Iran and Iraq returned to the negotiating tables Friday for talks aimed at ending their 8-year-old war. The U.N. secretary-general expressed confidence they will achieve peace but said it won't be easy.
Secretary-General Javier Perez de Cuellar told reporters before he entered the meeting that he was certain both sides "sincerely want to solve the problem."However, he added "that is a problem that has lasted many years, I would say centuries, and it is not in one afternoon that we can decide."
Thursday's session was the first face-to-face meeting between envoys of the bitter enemies since the beginning of the war that has killed or wounded more than 1 million people. After a direct negotiating session, the delegations went into separate rooms, with Perez de Cuellar in a room in the middle.
Friday's talks began about one hour late, after the arrival of Iranian Foreign Minister Ali Akbar Velayati. He refused to answer questions from reporters. The Iraqi delegation, led by Foreign Minister Tariq Aziz, arrived about 40 minutes late and did not answer questions.
Perez de Cuellar said the delegations would continue to sit in separate rooms, with the U.N. team in a third room in the middle, consulting separately with them. He said it was "still too difficult" for any other arrangement.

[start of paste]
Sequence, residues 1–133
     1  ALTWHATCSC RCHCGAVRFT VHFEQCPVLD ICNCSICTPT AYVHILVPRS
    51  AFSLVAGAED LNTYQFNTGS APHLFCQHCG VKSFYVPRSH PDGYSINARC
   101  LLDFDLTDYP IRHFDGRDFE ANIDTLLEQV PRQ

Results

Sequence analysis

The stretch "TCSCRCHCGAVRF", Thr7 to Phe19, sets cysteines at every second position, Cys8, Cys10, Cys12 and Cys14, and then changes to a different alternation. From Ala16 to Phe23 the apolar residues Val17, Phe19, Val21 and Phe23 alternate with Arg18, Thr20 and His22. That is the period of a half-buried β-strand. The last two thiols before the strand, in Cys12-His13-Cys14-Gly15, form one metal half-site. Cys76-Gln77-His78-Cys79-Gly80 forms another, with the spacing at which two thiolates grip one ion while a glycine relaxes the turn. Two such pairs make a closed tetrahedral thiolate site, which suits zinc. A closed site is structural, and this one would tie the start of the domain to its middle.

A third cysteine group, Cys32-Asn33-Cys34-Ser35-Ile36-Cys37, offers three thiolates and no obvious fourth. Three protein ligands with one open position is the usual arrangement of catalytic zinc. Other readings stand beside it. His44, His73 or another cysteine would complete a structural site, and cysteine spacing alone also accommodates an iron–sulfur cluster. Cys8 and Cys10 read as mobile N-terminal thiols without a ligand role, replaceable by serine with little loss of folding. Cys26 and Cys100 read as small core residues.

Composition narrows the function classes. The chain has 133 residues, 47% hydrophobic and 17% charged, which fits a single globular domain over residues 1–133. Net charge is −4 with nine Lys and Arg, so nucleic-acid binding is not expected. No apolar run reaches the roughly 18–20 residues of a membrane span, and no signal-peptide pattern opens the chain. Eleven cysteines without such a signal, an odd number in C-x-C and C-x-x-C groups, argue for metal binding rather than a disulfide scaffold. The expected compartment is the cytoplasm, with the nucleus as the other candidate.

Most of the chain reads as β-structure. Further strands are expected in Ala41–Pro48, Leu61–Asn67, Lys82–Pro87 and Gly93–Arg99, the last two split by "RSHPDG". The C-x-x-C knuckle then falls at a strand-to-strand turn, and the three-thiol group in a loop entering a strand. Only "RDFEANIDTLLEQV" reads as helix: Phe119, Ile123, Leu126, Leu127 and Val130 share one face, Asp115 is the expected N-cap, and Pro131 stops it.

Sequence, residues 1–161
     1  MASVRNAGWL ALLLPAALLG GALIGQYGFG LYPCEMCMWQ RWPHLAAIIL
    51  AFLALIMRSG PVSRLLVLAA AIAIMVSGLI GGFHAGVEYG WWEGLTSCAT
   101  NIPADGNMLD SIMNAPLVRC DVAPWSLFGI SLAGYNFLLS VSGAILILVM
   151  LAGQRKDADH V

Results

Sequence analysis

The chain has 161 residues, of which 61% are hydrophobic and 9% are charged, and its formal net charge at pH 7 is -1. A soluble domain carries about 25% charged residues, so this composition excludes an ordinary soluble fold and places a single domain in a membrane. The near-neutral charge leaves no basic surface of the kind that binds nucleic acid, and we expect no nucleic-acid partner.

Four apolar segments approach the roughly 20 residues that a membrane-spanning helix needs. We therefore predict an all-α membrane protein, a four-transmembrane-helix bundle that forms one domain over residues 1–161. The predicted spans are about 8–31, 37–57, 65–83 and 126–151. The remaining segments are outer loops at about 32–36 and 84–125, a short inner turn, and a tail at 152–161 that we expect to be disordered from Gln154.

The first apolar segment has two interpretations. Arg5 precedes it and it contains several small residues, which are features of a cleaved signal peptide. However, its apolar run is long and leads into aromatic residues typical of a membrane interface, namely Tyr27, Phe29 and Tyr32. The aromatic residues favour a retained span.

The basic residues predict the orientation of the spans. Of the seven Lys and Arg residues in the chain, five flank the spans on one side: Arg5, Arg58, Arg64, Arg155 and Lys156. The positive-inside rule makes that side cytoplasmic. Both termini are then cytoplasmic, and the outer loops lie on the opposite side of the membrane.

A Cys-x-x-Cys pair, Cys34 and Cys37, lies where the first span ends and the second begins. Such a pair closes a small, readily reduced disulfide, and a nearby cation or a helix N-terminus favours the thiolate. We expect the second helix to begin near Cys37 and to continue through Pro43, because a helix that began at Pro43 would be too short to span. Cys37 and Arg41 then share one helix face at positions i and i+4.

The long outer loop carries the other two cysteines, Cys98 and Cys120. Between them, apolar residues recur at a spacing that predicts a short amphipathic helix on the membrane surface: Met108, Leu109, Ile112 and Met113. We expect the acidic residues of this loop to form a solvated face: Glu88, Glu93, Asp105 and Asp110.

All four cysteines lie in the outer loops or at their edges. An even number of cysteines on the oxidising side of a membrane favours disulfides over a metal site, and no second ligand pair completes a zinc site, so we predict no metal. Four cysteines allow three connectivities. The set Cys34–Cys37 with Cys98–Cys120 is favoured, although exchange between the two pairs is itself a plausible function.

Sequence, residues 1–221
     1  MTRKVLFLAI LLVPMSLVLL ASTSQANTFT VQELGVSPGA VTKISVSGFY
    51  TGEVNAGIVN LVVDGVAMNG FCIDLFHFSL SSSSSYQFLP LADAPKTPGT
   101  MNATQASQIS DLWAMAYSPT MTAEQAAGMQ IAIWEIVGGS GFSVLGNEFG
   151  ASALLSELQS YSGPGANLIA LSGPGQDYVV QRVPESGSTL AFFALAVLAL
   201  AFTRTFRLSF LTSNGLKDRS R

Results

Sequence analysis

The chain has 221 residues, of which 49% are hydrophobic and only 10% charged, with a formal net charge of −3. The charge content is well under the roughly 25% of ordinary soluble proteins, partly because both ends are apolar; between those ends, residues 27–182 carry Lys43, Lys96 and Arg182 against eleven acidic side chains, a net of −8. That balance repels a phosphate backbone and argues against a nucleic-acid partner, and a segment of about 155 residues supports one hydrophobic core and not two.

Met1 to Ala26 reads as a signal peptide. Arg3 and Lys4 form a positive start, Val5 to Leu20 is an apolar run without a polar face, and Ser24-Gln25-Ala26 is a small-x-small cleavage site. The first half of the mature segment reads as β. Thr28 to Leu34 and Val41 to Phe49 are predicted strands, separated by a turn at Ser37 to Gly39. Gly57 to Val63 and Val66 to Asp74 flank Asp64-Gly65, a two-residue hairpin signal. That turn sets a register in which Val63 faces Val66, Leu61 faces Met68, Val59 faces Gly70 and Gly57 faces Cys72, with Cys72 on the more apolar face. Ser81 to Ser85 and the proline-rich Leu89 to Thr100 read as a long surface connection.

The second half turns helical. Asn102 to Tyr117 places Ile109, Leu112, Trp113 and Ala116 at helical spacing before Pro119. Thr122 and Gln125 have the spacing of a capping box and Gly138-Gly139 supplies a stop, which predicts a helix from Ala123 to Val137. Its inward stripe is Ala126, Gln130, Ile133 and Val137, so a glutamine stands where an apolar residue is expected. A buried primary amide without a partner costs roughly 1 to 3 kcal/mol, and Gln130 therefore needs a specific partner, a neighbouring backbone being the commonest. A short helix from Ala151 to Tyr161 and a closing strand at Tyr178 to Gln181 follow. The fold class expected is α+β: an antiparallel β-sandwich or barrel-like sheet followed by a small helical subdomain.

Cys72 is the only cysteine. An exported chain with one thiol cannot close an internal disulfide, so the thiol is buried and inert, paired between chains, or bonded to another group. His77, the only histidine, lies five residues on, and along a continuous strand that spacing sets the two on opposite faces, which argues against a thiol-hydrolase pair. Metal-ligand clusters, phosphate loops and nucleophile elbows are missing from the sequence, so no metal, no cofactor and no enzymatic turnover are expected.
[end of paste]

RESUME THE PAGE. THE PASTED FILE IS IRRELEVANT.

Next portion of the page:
The U.N. chief said the arrangement was made at the request of the two countries. "I would prefer to have them all the time in the main room with me." But he said, "I have to accommodate myself to the wish of the parties."
Perez de Cuellar called Thursday's five-hour plenum and separate discussions good and serious. "Your presence clearly indicates your governments are prepared to pursue the path of peace," he told the delegations.
After the formal U.N.-sponsored joint discussions Thursday, the delegations consulted in separate rooms for three more hours. They were joined by U.N. officials who reported back to the secretary-general.
Perez de Cuellar said both sides "decided to discuss seriously, with no rush." He added, in answer to a question, that it was "too early to be optimistic."
The peace process is expected to be long and difficult, possibly lasting for years. The direct talks were made possible after Iran and Iraq both accepted U.N. Security Council Resolution 598, calling for a cease-fire in the war.
Before the talks began, Perez de Cuellar held several meetings with Aziz and Velayati in New York. The warring sides agreed to hold direct talks following a cease-fire, which began Aug. 20.
The truce appeared to be holding. Saeem Fahmawi, a spokesman for the 350 U.N. observers monitoring the 733-mile Iraq-Iran war front, said in Baghdad there have been no major violations.
The Iranian and Iraqi delegations in Geneva include political figures, military representatives and legal experts on war relief, prisoner repatriation and reparations.